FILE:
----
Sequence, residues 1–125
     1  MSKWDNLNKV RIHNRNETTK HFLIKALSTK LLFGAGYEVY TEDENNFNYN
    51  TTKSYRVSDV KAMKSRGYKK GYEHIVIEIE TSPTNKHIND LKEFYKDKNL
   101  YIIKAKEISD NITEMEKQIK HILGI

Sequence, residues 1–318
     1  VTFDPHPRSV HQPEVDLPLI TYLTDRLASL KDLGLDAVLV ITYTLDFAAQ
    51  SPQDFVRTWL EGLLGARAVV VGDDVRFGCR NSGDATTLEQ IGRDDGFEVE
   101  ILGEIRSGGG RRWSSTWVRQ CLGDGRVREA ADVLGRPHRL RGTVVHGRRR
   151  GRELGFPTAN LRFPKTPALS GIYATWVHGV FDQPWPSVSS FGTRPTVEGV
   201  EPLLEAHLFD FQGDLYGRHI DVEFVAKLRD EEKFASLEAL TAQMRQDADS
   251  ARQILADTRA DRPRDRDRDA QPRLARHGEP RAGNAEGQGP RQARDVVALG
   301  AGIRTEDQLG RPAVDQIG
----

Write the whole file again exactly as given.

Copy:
Sequence, residues 1–125
     1  MSKWDNLNKV RIHNRNETTK HFLIKALSTK LLFGAGYEVY TEDENNFNYN
    51  TTKSYRVSDV KAMKSRGYKK GYEHIVIEIE TSPTNKHIND LKEFYKDKNL
   101  YIIKAKEISD NITEMEKQIK HILGI

Sequence, residues 1–318
     1  VTFDPHPRSV HQPEVDLPLI TYLTDRLASL KDLGLDAVLV ITYTLDFAAQ
    51  SPQDFVRTWL EGLLGARAVV VGDDVRFGCR NSGDATTLEQ IGRDDGFEVE
   101  ILGEIRSGGG RRWSSTWVRQ CLGDGRVREA ADVLGRPHRL RGTVVHGRRR
   151  GRELGFPTAN LRFPKTPALS GIYATWVHGV FDQPWPSVSS FGTRPTVEGV
   201  EPLLEAHLFD FQGDLYGRHI DVEFVAKLRD EEKFASLEAL TAQMRQDADS
   251  ARQILADTRA DRPRDRDRDA QPRLARHGEP RAGNAEGQGP RQARDVVALG
   301  AGIRTEDQLG RPAVDQIG